Keith: who sent that to you?

Scott: Um, so before we dive into our topic for today, what's going on with you? What's, what's new in your world and in Mktg is world. What's going on?

Keith: Sure. You're catching me mid February. So at the beginning of the year and like most businesses, but certainly ad agencies, we are scoping new projects, new programs, developing stronger relationships with all of our clients, trying to figure out what we're going to tackle this year. So we're sort of in that Q, one planning phase, um, which is equal parts exciting, but also, you know, what are we going to work on this year? And I think I'm not having much of the groundwork laid, um, you know, it's an exciting place to be. So I like working project by project really. And I like trying to figure out how we, um, do better than last year. What I don't like and what I don't ever want us to do is say, okay, we did something last year, now what's the 10 percent increase from that and that's what we're going to do this new year. So we try to throw everything out.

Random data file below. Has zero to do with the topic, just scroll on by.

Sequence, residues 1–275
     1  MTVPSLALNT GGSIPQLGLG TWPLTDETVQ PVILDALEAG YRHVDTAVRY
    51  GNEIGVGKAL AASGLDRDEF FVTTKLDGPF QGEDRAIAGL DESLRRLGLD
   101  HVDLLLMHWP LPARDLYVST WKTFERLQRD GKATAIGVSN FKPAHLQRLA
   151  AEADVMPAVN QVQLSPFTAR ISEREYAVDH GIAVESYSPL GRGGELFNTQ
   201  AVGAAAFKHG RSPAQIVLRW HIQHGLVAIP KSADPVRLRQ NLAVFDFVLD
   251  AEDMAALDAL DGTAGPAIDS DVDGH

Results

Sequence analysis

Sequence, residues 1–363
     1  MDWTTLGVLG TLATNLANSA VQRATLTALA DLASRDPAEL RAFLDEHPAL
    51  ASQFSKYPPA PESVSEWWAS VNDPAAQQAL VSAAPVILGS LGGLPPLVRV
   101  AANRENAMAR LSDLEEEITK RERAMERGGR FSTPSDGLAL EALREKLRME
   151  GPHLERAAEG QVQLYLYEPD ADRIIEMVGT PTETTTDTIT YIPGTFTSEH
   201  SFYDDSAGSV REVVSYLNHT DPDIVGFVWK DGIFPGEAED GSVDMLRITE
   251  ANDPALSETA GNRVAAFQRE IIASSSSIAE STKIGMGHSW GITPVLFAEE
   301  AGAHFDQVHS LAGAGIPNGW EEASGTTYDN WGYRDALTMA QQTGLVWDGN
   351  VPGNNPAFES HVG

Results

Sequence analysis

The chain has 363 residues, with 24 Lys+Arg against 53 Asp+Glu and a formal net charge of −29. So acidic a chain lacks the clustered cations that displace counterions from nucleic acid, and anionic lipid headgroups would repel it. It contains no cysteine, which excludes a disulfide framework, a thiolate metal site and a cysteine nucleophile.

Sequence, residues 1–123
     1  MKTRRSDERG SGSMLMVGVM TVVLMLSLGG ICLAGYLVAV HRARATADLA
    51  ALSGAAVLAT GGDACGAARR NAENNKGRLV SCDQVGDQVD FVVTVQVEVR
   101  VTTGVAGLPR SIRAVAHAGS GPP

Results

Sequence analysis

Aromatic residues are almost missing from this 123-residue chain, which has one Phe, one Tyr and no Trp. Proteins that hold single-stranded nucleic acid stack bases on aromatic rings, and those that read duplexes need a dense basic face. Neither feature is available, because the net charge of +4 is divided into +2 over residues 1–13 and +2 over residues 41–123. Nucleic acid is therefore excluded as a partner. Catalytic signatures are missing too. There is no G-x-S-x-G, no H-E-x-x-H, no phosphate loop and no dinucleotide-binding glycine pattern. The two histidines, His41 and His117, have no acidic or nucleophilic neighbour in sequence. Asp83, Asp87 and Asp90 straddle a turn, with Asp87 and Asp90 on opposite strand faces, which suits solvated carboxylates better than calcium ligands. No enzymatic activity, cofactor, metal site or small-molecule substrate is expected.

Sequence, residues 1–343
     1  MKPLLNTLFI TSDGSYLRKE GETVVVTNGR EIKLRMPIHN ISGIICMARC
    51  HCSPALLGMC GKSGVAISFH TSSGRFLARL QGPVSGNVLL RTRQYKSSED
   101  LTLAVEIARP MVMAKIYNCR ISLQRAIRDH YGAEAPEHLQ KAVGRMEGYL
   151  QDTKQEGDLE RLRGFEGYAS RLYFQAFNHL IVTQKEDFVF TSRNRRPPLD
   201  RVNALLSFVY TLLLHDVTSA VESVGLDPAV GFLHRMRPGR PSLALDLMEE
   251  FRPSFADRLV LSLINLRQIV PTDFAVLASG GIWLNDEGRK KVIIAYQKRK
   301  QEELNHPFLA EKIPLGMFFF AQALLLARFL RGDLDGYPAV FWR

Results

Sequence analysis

Keith: We don't go past a year as far as showing you know, capabilities or things we're proud of because I really want us to focus on the last 12 months and say, you know, this is our best work. So that's where we are at this part of the year and you know, just got back from San Francisco. I'm planning a couple other trips for work, you know, like I said, we do content production and shoots and things, so a lot of times we're on the road and given that we're focused in sports entertainment where you know that much more on the road, just had teams at the superbowl. So it's a fun place to be. It really is.

Scott: That's great. So you didn't get to go to the superbowl then?